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Sixth grade Science students blogging from the Pacific Northwest in Chimacum, WA!
Mr. G's Blog
Mr. G's Science Facebook Page


by jazzw teacher: Alfonso Gonzalez

Article posted June 2, 2014 at 05:28 PM GMT • comment • Reads 187

We did an experiment to see whether snails prefer moist or dry environments.



The question: do snails prefer moist or dry environments.



Conclusion: The snails preferred moist environments.



Evidence: The snails all went to the moist side repeatedly.



Reasoning: Since the snails went to that side more, the prefer it.

Article posted June 2, 2014 at 05:28 PM GMT • comment • Reads 187



Article posted March 12, 2014 at 05:12 PM GMT • comment • Reads 127

What is the octet rule?



The octet rule is that there are layers of electrons. The first one has two, and the second one, and third on etc. wants eight. If it doesn't have eight it will for bonds to get or give to make eight.



an Ion is a atom that is either positively or negatively charged.

Article posted March 12, 2014 at 05:12 PM GMT • comment • Reads 127



Article posted March 10, 2014 at 05:28 PM GMT • comment • Reads 577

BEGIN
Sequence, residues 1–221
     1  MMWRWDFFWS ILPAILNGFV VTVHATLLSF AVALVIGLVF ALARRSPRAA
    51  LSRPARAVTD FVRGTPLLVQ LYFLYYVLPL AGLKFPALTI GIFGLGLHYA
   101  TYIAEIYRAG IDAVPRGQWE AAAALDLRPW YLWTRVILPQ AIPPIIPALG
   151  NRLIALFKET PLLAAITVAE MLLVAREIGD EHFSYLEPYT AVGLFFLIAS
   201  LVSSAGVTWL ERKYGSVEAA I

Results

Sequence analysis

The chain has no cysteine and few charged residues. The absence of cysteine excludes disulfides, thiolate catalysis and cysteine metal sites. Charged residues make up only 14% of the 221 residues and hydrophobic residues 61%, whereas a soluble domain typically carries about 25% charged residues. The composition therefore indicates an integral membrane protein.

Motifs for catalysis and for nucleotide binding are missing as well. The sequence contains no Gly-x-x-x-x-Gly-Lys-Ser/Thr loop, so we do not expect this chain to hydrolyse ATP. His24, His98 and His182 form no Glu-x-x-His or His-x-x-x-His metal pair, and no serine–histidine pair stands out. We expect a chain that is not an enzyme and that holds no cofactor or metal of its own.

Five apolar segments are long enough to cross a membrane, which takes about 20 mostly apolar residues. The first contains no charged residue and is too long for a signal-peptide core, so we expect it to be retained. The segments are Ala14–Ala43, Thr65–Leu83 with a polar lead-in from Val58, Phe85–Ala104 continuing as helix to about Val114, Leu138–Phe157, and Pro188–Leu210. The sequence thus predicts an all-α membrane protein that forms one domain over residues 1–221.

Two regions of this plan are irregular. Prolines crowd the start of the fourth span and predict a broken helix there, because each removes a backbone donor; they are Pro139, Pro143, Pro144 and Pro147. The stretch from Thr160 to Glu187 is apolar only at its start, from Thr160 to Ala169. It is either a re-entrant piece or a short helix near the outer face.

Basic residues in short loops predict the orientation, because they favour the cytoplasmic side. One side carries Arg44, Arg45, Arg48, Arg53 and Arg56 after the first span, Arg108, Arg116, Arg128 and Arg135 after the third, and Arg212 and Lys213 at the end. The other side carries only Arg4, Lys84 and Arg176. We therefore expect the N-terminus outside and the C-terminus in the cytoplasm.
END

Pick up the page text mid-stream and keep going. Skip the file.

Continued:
Article posted March 10, 2014 at 05:28 PM GMT • comment • Reads 577



Article posted February 26, 2014 at 05:09 PM GMT • comment • Reads 871

Two students were having a discussion.



One said,

"All cells are living things. Every cell in an Elodea plant is an organism, just like the one-celled paramecium we looked at."



The second student said,

"Well, you’re partly right. I agree that all cells are living things, but an

Elodea cell cannot be called an organism. The Elodea cells can’t live on their own like the paramecia can."



I agree with both, All cells are living things, but by itself an Elodea cell cant live on its own.



Elodia is a small plant.

Paramecia are single celled organisms.

Article posted February 26, 2014 at 05:09 PM GMT • comment • Reads 871



Article posted February 25, 2014 at 05:31 PM GMT • comment • Reads 639

How does the structure of a cell membrane make it so that it can perform its functions?